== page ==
- - Tuesday, April 28, 2015

It is no secret that the Midwest is at the heart of the labor reform movement in our country. First, Gov. Scott Walker of Wisconsin signed comprehensive public-sector collective bargaining reform in 2011 – a move that has catapulted him to frontrunner status for the 2016 GOP nomination.

Then, Gov. Mitch Daniels, also a Republican, signed Indiana’s right-to-work law in early 2012, and that was quickly followed by passage of similar legislation in Michigan later that year. Wisconsin joined the fray once again this March to become the 25th right-to-work state in the country.

These are bold reforms that will have a great impact on the Midwest’s economy and the future of each state. However, lawmakers have signaled that they are not done just yet. In fact, Wisconsin and Michigan may be on the precipice of saving taxpayers hundreds of millions of dollars a year.

How might they do this, you ask? The simple repeal of an archaic law known as prevailing wage would save both states in excess of $200 million.

Currently, all states are covered under the federal Davis-Bacon Act, which requires a prevailing wage for federally funded projects. But 32 states, including Wisconsin and Michigan, have their own version of the law at the state level.

The laws require publicly funded projects – like building new roads or constructing a new school – to provide workers with a “prevailing wage.” Unfortunately, the laws are very complicated and cause private businesses more than a few headaches when bidding on a project.

In addition to being burdensome on the businesses that build our schools, roads and bridges, the wage rates are usually much higher than the typical wage rates in the area – essentially blocking local businesses from even submitting a bid.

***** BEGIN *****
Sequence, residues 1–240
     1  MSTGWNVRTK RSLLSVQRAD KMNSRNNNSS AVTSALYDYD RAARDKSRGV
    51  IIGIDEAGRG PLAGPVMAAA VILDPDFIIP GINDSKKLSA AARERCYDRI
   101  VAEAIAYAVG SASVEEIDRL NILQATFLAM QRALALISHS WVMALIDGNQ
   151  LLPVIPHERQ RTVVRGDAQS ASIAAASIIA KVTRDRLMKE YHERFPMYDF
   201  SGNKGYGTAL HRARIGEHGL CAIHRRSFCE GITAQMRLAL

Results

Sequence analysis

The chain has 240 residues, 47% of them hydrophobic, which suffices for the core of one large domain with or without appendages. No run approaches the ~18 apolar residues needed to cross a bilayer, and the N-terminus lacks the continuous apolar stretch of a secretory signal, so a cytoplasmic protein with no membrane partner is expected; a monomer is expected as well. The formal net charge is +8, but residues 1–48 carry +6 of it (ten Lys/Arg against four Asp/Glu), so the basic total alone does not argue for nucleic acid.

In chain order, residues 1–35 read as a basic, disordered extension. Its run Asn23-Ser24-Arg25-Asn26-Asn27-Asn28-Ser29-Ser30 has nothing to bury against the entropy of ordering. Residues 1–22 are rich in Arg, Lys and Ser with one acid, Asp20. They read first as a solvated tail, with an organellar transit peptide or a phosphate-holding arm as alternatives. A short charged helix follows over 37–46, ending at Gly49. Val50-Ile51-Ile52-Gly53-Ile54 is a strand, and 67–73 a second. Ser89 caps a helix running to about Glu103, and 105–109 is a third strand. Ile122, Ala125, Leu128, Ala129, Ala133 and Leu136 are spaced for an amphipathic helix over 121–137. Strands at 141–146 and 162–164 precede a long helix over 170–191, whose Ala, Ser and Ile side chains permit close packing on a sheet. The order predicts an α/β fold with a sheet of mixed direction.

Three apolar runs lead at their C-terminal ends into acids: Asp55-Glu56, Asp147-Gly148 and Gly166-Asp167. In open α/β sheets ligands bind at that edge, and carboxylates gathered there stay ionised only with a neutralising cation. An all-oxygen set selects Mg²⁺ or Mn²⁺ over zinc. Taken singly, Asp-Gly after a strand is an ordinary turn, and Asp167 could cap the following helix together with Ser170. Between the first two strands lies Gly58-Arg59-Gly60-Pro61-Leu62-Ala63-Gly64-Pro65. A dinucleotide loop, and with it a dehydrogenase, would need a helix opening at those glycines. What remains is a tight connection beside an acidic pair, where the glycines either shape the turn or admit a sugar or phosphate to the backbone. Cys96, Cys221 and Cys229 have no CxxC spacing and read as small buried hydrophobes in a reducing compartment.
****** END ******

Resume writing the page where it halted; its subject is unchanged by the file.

In the Dairy State, the non-partisan Wisconsin Taxpayers Alliance (WISTAX) found that the state’s prevailing wage law artificially inflates labor costs by 45 percent. WISTAX estimates that labor costs make up 20 percent to 30 percent of the total project costs, which means Wisconsin taxpayers could save $200 to $300 million a year if the law is repealed.

The village of Grafton, Wisconsin, found out the unnecessary costs of prevailing wage the hard way. In 2011, it needed to contract with a company to repaint and maintain two water towers for a 14-year period. The village put out for competitive bids believing the project was not subject to the state’s prevailing wage law and accepted a bid of $712,183.

However, the state came in after the initial work had been done only to tell the village it was subject to the prevailing wage law. After an appeal from the village, the state finally ruled against Grafton in August 2014. The village had to pay a nearly $60,000 fine and an additional $308,000 in artificial wage increases – for no additional services whatsoever.

This kind of bureaucratic law does nothing to help public officials be good stewards of taxpayer money. If anything it does the exact opposite.

In Michigan, the savings just for school districts sit at $224 million per year, according to a 2013 study by the Anderson Economic Group.

Unfortunately for taxpayers, even though House and Senate Republicans have tried to make this a top priority in Michigan, Republican Gov. Rick Snyder has said he would not support a repeal of the law.

Luckily, Michigan’s neighbor to the west may side with taxpayers. Many Wisconsin legislators have shown their support for a full repeal of the prevailing wage law and Mr. Walker has signaled he may support such an idea.

“Well, there has got to be some sort of reform,” Mr. Walker told conservative radio host Charlie Sykes recently. “The question is: Do you go with the full enchilada at once or do you do a portion of it? And I think a lot will depend on where the votes are in the Senate and the Assembly.”

In both cases, taxpayers should be happy that lawmakers are at least talking about taking on these bold reforms that can save them money. The big question is: Will both states continue to shine as national leaders on labor reform, or will just one state be left holding the flag for taxpayers.

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